Saudi Arabia turns off America’s oil taps again

For the second time in three years, Saudi Arabia is slashing the volume of crude it’s sending to America in an attempt to force down stockpiles in the world’s most visible oil market and thereby hasten the rebalancing of supply and demand.

Weekly U.S. oil inventory data — usually published on a Wednesday and covering the period up to the previous Friday — is routinely pored over by oil analysts and traders alike. Despite their shortcomings, the figures give the most up-to-date picture of changes in the oil balance and influence trading decisions and crude prices around the world.

Shifts in the flow of crude into and out of American ports can have a big impact on the level of U.S. inventories. Riyadh has clearly decided it’s time to do its bit to bring them down from heights reached in May and June, when the coronavirus pandemic and the kingdom’s own output hike combined to drive the fastest ever surge in U.S. commercial crude stockpiles. In the five weeks between March 20 and April 24, the inventories increased at a rate of 2.1 million barrels a day and by the first week of June it was hitting new highs.

Excess stockpiles act as a drag on oil prices and the most visible stockpiles are in the U.S. because the Department of Energy’s Energy Information Administration reports levels weekly. That’s in stark contrast to other places around the world where the data are much less timely, if they are published at all. China, for example, stopped divulging official data on inventory levels in 2017.

It’s no wonder then that Saudi Arabia should focus on the U.S. This is precisely the same policy that it adopted three years ago, shortly after the wider OPEC+ alliance was formed and its first output deal was running into trouble.

At the time, members of the Organization of Petroleum Exporting Countries and 10 non-OPEC allies, including Russia and Mexico, agreed to cut their production by 1.66 million barrels a day from the start of 2017 to bring down swollen global oil inventories built up as a result of the first U.S. shale boom. Poor implementation of the cuts and rising U.S. oil production meant inventories kept on growing, despite OPEC making its first output reduction in eight years.

Fast forward to today and the reduction in the flow of Saudi oil to the U.S. is dramatic. In May and June tankers full of Saudi crude were arriving off the Gulf and West coasts of the U.S. almost daily, sometimes more than one a day. But in July and August that has dwindled to little more than one a week, as the chart below shows.

That surge in ships, which I wrote about here, briefly drove U.S. imports of Saudi crude close to a six-year high, adding to the upward push on stockpiles. But it was short-lived and imports in the last week of July were just 190,000 barrels a day, their second-lowest level in weekly data that extends back a decade.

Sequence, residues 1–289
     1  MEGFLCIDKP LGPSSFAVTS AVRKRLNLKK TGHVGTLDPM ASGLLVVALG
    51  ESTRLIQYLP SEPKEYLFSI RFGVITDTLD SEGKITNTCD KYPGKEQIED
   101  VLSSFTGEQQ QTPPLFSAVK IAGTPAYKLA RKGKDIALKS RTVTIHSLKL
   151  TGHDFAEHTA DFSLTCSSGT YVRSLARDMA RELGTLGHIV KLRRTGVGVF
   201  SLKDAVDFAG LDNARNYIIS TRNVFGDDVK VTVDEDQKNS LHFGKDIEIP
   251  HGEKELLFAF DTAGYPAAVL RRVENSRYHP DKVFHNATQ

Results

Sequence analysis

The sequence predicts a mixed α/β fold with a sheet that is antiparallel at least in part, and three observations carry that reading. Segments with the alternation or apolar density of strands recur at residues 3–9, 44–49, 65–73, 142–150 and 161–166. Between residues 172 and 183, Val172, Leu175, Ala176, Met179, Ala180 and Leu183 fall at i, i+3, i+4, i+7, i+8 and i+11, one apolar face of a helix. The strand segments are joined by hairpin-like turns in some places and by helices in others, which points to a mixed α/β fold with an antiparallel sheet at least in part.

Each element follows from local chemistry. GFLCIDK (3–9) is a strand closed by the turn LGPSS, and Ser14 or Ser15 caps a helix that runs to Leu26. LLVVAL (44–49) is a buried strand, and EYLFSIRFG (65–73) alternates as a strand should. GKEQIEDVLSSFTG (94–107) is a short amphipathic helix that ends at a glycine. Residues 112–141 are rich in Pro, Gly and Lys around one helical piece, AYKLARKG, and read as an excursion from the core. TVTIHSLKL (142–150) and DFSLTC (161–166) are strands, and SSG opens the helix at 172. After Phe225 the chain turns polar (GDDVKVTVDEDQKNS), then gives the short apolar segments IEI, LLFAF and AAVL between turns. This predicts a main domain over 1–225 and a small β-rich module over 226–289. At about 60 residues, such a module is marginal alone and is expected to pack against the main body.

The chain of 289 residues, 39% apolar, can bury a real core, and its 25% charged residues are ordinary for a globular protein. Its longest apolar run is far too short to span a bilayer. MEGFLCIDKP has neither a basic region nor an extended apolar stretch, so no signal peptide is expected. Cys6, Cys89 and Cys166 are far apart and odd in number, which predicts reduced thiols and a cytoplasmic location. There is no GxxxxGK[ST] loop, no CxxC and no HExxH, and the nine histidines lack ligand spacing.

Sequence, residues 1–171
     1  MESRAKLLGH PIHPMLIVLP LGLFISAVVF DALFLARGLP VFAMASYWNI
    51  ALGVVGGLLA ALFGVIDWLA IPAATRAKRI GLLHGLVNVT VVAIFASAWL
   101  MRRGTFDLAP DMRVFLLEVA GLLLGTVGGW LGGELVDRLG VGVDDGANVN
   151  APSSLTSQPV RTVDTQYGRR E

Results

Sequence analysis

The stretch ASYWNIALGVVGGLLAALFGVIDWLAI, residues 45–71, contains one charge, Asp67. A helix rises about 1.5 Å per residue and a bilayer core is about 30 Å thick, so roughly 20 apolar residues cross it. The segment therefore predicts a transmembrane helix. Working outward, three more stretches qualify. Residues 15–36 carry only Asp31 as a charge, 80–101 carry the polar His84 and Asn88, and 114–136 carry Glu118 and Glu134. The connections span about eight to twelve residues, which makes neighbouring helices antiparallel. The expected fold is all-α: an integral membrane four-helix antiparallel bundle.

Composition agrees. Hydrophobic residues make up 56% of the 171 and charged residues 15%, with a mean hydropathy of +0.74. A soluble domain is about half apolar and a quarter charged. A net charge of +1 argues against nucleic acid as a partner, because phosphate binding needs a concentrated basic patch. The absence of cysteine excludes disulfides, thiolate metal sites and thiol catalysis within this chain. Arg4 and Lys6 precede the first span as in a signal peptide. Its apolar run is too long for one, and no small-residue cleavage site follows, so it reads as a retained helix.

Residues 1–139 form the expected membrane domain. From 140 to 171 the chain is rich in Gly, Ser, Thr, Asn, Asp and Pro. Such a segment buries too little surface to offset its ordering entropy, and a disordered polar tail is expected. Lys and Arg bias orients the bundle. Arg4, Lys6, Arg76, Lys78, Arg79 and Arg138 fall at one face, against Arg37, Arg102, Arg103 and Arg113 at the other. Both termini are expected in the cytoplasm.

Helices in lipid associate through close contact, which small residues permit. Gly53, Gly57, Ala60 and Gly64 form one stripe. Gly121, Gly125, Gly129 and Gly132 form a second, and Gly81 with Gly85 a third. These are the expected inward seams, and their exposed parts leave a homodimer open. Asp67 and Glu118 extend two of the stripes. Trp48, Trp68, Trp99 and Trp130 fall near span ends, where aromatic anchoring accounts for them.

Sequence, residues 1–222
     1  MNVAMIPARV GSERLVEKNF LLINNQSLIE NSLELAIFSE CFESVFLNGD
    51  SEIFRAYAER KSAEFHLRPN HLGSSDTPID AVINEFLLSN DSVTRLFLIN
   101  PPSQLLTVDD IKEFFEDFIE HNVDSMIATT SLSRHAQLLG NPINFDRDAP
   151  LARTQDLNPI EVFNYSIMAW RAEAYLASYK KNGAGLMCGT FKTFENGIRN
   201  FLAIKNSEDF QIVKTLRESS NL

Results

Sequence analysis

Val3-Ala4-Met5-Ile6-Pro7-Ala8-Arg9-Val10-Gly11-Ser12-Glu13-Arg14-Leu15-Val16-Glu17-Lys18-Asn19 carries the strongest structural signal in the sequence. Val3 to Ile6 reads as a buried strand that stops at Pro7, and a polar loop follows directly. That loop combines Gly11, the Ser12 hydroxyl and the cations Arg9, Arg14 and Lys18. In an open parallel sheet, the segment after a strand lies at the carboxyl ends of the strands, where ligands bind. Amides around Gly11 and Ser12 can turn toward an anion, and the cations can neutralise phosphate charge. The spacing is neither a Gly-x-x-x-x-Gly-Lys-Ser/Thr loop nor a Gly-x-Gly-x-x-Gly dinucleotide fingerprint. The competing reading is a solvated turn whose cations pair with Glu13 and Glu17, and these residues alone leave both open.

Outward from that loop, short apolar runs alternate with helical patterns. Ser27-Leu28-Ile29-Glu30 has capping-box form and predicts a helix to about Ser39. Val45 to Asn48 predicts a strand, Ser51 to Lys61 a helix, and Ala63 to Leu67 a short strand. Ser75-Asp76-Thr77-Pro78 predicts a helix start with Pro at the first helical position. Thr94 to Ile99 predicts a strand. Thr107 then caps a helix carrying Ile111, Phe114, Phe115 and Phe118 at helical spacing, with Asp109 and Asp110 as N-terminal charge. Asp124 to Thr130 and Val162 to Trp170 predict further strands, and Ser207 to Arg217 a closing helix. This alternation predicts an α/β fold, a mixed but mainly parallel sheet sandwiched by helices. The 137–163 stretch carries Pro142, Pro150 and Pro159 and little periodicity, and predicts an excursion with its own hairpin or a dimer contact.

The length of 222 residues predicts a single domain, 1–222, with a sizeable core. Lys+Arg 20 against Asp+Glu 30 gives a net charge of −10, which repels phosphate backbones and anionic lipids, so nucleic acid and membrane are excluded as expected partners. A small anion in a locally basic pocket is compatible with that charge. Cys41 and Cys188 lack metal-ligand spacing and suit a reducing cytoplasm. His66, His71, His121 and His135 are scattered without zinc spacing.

The figure could fall even further in the coming weeks. There are only 6 tankers carrying 9 million barrels of Saudi crude currently showing a U.S. port as their destination, according to tanker-tracking data monitored by Bloomberg. With a journey time of about six weeks from the Persian Gulf to any of the major U.S. oil ports, that’s all the Saudi crude that’s likely to arrive by mid-September.

And things aren’t likely to improve much after that. In setting its official crude prices for September, Saudi Arabia has made significant cuts to prices for European customers, where it’s competing with Russia, and smaller ones for buyers in Asia. But the kingdom has kept prices for the U.S. unchanged from last month.

By doing so, Saudi Arabia is ensuring that its crude remains uncompetitive against domestic heavy sour grades from the Gulf of Mexico, or imports from Canada, in a market where the hoped-for recovery in demand has stalled.

The leaders of Saudi Arabia and the U.S. both want to see oil prices rising from current levels — the kingdom’s budget still depends on oil revenues and the U.S. shale industry desperately needs higher prices to recover. President Donald Trump might be quite happy to see crude imports from Saudi Arabia curtailed — after all, it would feed in nicely to his rhetoric on U.S. energy dominance.

By once again focusing its output cuts on the U.S. market, Riyadh is hoping to repeat the success of the second half of 2017, when oil prices rose by 51% from a low of $44.82 in mid-June to $67.87 by the end of the year.

Unless the Covid-19 pandemic eases its grip on oil demand, Saudi Arabia may find 2020 more of a challenge.

This column does not necessarily reflect the opinion of the editorial board or Bloomberg LP and its owners.

Julian Lee is an oil strategist for Bloomberg. Previously he worked as a senior analyst at the Centre for Global Energy Studies.